|Good morning, and welcome to the Essential California newsletter. It’s Tuesday. Feb. 23, and I’m writing from Los Angeles.
The issue of equity has loomed large over California’s vaccine rollout, with Gov. Gavin Newsom often speaking about the importance of administering vaccines “through an equity lens.” But stark inequities have still emerged in vaccine administration in the state, with white and Asian people in affluent areas being inoculated at higher rates than Black and Latino people in poorer areas.
Under a new program intended to improve COVID-19 vaccine availability for people in hard-hit communities of color, the state has been setting aside blocks of appointments at two new mass vaccination sites. Special access codes for those appointments are being given to local organizations in Black and Latino communities, with the organizations expected to distribute the codes to community members. The codes are intended for use by people living in the most affected communities who are vaccine-eligible but might otherwise struggle to get an appointment.
In theory, it’s a great idea — exactly the kind of thing we should be doing to get vaccines in the arms of people who need them most, with the help of trusted community partners on the ground. Particularly because one of the biggest barriers to vaccinations has been the appointment registration process, as the chief science officer for the Los Angeles County Department of Public Health recently told my colleagues.
But as has been the case throughout the vaccine rollout, wherever there is a slight opening, the resourced and tech savvy find their way in.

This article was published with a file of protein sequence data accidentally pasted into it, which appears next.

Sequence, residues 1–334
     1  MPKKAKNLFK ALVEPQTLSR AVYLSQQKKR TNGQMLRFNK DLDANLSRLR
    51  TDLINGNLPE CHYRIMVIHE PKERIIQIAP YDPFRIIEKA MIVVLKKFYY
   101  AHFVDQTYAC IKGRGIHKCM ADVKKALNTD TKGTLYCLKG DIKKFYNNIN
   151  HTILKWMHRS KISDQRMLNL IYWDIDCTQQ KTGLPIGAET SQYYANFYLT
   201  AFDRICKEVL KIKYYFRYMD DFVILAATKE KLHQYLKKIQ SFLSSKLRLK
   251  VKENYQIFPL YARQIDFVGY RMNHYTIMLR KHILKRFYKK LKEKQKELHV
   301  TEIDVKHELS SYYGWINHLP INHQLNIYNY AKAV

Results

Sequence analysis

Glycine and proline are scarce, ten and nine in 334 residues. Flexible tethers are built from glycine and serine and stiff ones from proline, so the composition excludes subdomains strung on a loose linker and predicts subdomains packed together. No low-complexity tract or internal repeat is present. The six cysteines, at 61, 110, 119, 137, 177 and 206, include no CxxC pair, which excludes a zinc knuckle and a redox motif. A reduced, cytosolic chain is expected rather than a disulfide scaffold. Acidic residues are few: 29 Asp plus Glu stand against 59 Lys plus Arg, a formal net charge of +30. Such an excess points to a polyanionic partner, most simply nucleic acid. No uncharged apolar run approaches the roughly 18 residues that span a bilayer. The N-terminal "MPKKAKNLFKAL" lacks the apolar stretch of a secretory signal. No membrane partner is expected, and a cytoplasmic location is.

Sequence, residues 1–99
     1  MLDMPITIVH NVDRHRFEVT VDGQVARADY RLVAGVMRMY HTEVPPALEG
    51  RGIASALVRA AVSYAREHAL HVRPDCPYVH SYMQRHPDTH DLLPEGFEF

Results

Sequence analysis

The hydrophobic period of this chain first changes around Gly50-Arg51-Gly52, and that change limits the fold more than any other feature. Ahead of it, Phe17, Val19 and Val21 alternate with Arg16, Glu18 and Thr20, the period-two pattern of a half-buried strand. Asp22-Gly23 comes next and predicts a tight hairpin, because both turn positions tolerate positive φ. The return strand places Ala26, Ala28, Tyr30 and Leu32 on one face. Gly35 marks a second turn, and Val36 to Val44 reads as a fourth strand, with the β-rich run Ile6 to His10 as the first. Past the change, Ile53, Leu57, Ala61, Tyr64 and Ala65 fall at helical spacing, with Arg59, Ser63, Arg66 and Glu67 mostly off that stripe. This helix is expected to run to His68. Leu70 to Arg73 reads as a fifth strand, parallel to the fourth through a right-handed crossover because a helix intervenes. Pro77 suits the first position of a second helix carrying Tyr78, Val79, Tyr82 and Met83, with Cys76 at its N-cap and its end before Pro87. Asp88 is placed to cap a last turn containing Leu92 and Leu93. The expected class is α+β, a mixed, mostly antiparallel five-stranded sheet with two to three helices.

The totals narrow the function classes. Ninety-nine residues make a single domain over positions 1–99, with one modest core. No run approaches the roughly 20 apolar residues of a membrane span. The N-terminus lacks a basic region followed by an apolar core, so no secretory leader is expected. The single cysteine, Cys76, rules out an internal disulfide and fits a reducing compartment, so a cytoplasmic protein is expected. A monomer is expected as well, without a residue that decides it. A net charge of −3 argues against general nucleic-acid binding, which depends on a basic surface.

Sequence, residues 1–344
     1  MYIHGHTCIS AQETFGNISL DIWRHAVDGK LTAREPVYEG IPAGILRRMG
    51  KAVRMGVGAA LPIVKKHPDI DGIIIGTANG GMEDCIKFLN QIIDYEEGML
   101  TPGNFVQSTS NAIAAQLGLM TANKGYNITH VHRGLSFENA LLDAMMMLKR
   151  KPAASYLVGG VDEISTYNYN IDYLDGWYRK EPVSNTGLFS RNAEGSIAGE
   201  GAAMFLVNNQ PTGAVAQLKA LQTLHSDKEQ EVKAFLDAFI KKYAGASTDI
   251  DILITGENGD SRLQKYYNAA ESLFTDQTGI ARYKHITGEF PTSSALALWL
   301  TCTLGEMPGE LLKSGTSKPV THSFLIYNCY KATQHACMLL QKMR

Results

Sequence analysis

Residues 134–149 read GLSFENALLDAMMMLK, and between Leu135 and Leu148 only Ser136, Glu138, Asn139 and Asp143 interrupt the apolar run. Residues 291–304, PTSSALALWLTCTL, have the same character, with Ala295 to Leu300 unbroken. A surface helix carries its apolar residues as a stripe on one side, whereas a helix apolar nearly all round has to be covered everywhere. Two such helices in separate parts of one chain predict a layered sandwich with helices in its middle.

Despite being intended for use in the most hard-hit communities, these vaccine appointment access codes have circulated widely among the wealthier, work-from-home set in Los Angeles. In a new story, I look at how the codes have strayed far from their intended recipients, spreading like wildfire in more affluent social and professional networks. In at least a few cases, the codes have enabled people to get vaccinated who wouldn’t otherwise be eligible and don’t live in the intended communities.
[Read the story: “Vaccine access codes for Black, Latino communities improperly used in affluent L.A. areas” in the Los Angeles Times]
Those circulating the codes did not seem to be aware that they were intended for hard-hit communities. In several cases, people thought they had stumbled upon a pilot program that was open to all. (The stated purpose of the access codes is not conveyed anywhere on the state’s vaccine scheduling website, nor does the site say the codes are intended only to be used by certain groups.)
By Monday evening, the codes had spread so quickly through certain social networks that one woman in her 40s who lives near downtown Los Angeles told The Times that she had been sent three codes from different people over the last few days.
And now, here’s what’s happening across California:
California’s rocky COVID-19 vaccine rollout has been dogged by poor communication and forecasting. California is failing to provide crucial information about COVID-19 vaccine supply levels to local officials, complicating efforts to schedule appointments and contributing to temporary closures of vaccination sites. Los Angeles Times
COVID-19 deaths in the United States surpassed 500,000 on Monday, the latest desolate way station in a vast landscape of loss. Los Angeles Times
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Los Angeles schools will resume some services next week for a small percentage of students with special needs, Supt. Austin Beutner announced Monday. However, the measures fall far short of demands from parents who rallied to push for a broader reopening of schools. Los Angeles Times